One of the largest differences between British and American English relates to the verb used to describe the action of kicking a ball. Whereas in America, the verb for kicking is “to kick” and in Great Britain, the word is “kicker.” One of the most cited differences between British and American English relates to the verb for catching a ball. In America, the verb for catching is “to catch” and in Great Britain it is “to cast”. Because the game originated in England, it’s often believed that soccer is really an Americanism related to the verb “to play”. So this might explain why people in America call their soccer games kick offs while in Great Britain, the equivalent would be “jewelry.”
As a noun, “FOOTBAL” means “a field or park where players engage in contact with a ball,” and “Kicker” means “to touch the ball with the hands or feet.” The two nouns do not overlap, and neither does the verb “to kick.” However, the verb “to catch” is inflected to create a future tense. For example, “The keeper did make a save against our attack, but FOUL!” is a call for a ball being caught by a particular teammate.
The American team would kick the ball “from the center of the foul line,” while a British team may kick the ball “out from the side of the foul line,” thus requiring one to stand six yards outside the six yard box, or out of the goal box. And just like the US team, sometimes the ball needs to be kicked “up the field,” or “from the side of the goal box,” thus requiring the ball to be kicked “out from the side of the goal line.” Thus, the terms “rouse kick” and “kick the ball” can be used interchangeably.
Another way to describe the act of kicking the ball, is to refer to it as “touching the ball,” which involves moving the foot, or even body, of another player past the base line, which is equivalent to touching the ground. Touching the ball is different from kicking it, however, as it does not involve moving feet, or even arms, beyond the original foul line. Touching the ball requires a pass from one player to another player, and can only occur if the other player is within the “out-of-the-box” area.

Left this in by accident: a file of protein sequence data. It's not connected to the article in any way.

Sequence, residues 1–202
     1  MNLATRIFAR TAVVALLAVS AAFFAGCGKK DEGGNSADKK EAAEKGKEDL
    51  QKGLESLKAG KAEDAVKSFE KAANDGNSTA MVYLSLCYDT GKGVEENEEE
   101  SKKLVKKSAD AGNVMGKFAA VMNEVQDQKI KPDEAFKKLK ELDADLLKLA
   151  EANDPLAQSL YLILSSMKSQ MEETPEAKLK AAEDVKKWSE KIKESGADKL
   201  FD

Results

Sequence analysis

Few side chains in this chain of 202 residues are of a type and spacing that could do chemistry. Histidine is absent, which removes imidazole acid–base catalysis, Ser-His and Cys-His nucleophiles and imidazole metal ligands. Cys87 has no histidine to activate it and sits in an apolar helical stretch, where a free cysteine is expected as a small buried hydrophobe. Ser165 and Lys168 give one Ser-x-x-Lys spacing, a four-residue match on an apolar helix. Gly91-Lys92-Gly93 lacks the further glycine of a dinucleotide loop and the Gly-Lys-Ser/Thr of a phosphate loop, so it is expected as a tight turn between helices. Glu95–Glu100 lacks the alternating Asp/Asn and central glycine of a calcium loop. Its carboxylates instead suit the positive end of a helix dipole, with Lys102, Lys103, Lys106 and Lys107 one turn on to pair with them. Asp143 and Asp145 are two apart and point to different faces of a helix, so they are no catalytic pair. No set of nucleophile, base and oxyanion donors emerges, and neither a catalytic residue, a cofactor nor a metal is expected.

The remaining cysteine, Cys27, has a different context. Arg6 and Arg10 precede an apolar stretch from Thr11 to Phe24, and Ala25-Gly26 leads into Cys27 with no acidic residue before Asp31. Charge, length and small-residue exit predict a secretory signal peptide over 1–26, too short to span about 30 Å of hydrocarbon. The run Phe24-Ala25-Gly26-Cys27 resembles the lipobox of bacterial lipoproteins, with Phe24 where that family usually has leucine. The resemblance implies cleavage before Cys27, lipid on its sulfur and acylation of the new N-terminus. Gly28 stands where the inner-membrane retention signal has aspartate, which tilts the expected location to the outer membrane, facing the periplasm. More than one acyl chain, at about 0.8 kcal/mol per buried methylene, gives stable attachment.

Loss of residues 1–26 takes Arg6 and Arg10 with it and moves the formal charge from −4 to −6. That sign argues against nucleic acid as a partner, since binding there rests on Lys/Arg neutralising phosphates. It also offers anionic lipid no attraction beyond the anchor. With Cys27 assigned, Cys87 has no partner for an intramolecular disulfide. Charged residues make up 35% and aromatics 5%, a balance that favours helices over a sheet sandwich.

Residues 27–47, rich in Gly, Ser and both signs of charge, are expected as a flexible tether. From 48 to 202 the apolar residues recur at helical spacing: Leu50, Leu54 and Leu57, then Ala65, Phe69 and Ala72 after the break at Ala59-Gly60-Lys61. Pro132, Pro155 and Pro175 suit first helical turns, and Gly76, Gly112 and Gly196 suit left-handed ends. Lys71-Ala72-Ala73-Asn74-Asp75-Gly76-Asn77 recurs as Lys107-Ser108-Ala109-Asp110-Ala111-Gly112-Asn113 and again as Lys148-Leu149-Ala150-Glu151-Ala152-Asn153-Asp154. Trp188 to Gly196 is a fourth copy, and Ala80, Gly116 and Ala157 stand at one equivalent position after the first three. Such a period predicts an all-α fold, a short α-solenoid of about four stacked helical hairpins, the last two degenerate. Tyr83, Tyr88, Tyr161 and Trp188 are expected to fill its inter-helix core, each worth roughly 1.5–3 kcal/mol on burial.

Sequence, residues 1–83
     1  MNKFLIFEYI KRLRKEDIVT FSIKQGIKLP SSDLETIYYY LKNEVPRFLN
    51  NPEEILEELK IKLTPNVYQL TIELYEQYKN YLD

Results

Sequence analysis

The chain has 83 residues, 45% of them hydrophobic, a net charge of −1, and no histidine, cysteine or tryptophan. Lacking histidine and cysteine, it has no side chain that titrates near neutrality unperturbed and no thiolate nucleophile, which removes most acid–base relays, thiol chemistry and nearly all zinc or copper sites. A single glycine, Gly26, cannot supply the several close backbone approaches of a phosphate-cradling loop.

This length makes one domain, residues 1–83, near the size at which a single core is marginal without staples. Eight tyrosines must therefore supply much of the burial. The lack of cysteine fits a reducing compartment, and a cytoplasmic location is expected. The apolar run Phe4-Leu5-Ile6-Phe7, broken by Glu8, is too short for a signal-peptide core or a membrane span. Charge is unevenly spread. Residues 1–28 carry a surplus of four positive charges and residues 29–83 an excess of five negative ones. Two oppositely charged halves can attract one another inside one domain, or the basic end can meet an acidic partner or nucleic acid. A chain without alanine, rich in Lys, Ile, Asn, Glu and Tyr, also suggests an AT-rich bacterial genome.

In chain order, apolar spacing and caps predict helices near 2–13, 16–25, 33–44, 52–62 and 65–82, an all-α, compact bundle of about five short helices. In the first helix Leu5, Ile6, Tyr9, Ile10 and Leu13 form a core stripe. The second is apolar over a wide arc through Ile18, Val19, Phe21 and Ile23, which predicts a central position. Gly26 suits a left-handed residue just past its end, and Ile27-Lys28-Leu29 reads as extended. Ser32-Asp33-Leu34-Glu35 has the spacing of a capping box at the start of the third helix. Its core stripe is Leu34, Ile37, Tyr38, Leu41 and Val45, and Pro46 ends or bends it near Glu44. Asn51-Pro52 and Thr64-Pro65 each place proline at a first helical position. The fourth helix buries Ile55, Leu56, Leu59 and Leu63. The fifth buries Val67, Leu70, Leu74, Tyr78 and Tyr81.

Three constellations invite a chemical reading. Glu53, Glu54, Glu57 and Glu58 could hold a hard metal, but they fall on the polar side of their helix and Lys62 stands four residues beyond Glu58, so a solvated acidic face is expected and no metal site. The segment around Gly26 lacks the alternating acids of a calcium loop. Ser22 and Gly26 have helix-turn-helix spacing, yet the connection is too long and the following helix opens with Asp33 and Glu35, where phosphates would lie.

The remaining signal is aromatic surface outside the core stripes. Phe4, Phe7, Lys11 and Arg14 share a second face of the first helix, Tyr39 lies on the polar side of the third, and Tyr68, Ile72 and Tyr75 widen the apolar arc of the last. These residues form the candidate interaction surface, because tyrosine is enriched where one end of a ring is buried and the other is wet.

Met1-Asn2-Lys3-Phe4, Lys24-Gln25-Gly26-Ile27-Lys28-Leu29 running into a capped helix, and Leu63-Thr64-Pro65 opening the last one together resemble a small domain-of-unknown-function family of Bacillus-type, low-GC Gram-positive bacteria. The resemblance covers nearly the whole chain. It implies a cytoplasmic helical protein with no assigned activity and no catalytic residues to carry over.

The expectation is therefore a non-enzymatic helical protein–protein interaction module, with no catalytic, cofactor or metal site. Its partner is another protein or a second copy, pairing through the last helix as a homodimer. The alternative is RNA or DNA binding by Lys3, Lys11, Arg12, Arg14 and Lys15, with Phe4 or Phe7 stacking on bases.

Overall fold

The ball cannot be touched by any part of the body, except for the toes of the players who are in their own boxes. The American team can touch the ball with their feet, while the British team has to kick it using their feet. Touching the ball requires the ball to be rolled and therefore cannot occur within a twenty-five yard area of the base kick area, which is considered the “out-of-the-box” area. Kicks are made within twenty yards of the foul line, but outside of the center circle. This rule was put in place to prevent players from using their feet to keep the ball in play, which would result in an unfair match-losing goal.
If a foul is called against a player who is in the foul area, the referee will signal for the ball to be spiked, which will stun and drop the ball, and make the fouler fall out of the game. If the ball doesn’t drop, then the entire team will be disqualified from the match, regardless of their position on the field. If a team is penalized for being out of bounds, then an Umpire will take a look at the penalty signs and the yard lines and warn the teams that further actions may be taken. The Umpire has the right to penalize the teams for excessive delay. When a team delays the game penalty will be enforced.